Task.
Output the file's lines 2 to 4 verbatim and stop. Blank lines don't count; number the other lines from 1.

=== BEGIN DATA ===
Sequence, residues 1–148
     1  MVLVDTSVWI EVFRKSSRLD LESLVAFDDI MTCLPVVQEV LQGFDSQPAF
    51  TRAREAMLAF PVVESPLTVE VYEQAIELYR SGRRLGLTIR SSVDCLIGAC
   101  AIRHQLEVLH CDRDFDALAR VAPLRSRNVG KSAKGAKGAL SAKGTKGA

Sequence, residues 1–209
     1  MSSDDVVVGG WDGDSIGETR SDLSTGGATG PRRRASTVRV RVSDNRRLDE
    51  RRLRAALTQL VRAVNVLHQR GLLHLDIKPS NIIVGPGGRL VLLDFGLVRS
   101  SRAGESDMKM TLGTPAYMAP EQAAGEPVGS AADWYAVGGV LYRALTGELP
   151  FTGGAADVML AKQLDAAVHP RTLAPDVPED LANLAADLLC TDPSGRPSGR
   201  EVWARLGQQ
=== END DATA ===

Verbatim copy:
     1  MVLVDTSVWI EVFRKSSRLD LESLVAFDDI MTCLPVVQEV LQGFDSQPAF
    51  TRAREAMLAF PVVESPLTVE VYEQAIELYR SGRRLGLTIR SSVDCLIGAC
   101  AIRHQLEVLH CDRDFDALAR VAPLRSRNVG KSAKGAKGAL SAKGTKGA